Despite TB being both a curable and treatable disease, millions of people are still dying from the disease every year. It’s time to revisit how we’re tackling this disease, and adopt a comprehensive approach to prevention, detection and treatment.
TB can lie dormant for decades before it strikes; almost a quarter of the globe – or 1.7 billion people – is affected by latent TB infection. People with latent TB infection have no symptoms, are not contagious and most of them don’t know they’re infected.
This population is at risk of developing TB disease at some point in their life. Without treatment, 5 to 10 percent of infected people—or between 85 to 170 million people—will develop TB disease.
Those who live with TB patients have a 25 times higher risk of progression from latent to active TB than the general population. And children up to five years age have the highest risk of progression from infection to TB disease.
Treatment for latent TB infection has been available since the 1960s, yet very few people who are eligible for TB preventive therapy are taking it. Current treatment options are long—with people required to take a pill daily for 6 to 36 months. Even among those who start treatment, many fail to complete the full course.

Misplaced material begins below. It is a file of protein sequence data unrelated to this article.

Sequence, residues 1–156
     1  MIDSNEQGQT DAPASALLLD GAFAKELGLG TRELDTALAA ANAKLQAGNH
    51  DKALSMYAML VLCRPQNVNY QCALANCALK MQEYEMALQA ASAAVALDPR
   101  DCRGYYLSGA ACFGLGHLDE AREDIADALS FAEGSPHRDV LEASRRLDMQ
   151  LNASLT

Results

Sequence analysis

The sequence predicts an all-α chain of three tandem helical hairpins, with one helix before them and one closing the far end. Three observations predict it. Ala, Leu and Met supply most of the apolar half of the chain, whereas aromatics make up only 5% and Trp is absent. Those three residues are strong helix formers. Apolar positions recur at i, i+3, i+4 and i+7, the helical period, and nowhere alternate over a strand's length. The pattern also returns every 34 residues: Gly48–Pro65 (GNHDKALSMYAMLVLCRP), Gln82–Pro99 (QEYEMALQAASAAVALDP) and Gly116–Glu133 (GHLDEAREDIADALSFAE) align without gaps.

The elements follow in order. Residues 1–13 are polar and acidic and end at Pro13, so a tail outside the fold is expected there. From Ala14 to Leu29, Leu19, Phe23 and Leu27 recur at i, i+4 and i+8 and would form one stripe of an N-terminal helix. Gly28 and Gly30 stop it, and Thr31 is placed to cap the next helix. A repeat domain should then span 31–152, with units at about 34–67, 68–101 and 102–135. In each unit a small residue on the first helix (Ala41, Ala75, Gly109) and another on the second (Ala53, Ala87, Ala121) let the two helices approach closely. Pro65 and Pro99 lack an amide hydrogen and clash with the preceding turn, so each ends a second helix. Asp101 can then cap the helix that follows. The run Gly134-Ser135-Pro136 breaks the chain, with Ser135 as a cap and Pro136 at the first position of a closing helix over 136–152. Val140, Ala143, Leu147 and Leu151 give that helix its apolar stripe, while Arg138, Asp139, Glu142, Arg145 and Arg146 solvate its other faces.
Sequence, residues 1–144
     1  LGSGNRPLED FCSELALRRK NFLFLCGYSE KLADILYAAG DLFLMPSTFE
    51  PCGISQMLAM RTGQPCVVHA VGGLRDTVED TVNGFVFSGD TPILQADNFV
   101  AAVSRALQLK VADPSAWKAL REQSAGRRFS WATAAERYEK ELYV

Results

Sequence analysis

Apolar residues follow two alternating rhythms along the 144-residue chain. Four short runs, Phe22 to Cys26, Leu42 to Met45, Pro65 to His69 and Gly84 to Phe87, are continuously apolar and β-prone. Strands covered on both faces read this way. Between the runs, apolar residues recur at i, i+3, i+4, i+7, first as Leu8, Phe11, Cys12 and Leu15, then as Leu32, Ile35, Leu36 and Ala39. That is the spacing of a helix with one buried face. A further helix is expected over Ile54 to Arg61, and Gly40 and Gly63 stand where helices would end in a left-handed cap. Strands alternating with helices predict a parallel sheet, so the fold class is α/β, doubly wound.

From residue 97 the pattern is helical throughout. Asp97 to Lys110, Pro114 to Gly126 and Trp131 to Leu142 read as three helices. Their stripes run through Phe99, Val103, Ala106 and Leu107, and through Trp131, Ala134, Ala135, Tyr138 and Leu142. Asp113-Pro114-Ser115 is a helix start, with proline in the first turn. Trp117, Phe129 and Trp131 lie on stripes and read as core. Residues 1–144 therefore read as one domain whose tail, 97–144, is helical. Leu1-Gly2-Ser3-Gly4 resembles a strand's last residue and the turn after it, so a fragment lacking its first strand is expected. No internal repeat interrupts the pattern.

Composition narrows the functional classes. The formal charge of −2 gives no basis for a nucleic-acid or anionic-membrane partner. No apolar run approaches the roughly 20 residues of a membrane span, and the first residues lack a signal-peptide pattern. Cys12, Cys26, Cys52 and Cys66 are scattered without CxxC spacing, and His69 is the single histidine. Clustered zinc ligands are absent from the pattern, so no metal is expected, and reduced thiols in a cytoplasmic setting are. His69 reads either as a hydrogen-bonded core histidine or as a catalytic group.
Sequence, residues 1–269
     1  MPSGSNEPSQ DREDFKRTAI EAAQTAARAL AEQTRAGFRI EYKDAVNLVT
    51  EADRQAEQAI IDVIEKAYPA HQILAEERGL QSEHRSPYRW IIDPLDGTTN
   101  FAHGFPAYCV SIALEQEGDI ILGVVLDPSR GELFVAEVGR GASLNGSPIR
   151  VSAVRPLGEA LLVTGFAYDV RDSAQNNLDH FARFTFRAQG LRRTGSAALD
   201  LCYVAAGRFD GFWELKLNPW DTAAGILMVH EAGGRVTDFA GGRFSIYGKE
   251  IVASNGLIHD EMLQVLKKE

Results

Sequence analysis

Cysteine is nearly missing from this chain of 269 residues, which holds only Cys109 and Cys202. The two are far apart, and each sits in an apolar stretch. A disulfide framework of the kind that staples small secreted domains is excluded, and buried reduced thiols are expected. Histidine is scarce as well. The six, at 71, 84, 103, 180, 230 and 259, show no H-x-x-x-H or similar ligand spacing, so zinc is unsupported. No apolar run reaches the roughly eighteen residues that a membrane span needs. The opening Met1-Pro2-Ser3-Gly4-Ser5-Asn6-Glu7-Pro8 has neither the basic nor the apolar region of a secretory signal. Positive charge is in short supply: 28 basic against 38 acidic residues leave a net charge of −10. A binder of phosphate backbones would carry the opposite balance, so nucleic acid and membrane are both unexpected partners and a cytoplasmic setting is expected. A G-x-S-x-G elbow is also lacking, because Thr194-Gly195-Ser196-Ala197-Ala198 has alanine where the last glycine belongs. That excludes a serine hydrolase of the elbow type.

Following the United Nations High-Level Meeting on TB, in 2018 and 2019, the numbers provided with TB preventive treatment were:
▶ 5.3 million people living with HIV, 88% of the 5-year target of 6.0 million.
▶ 782 952 children aged under 5 years who were household contacts of people with TB, 20% of the 5-year target of 4 million.
▶ 179 051 people in older age groups who were household contacts of people with TB, <1% of the 5-year target of 20 million.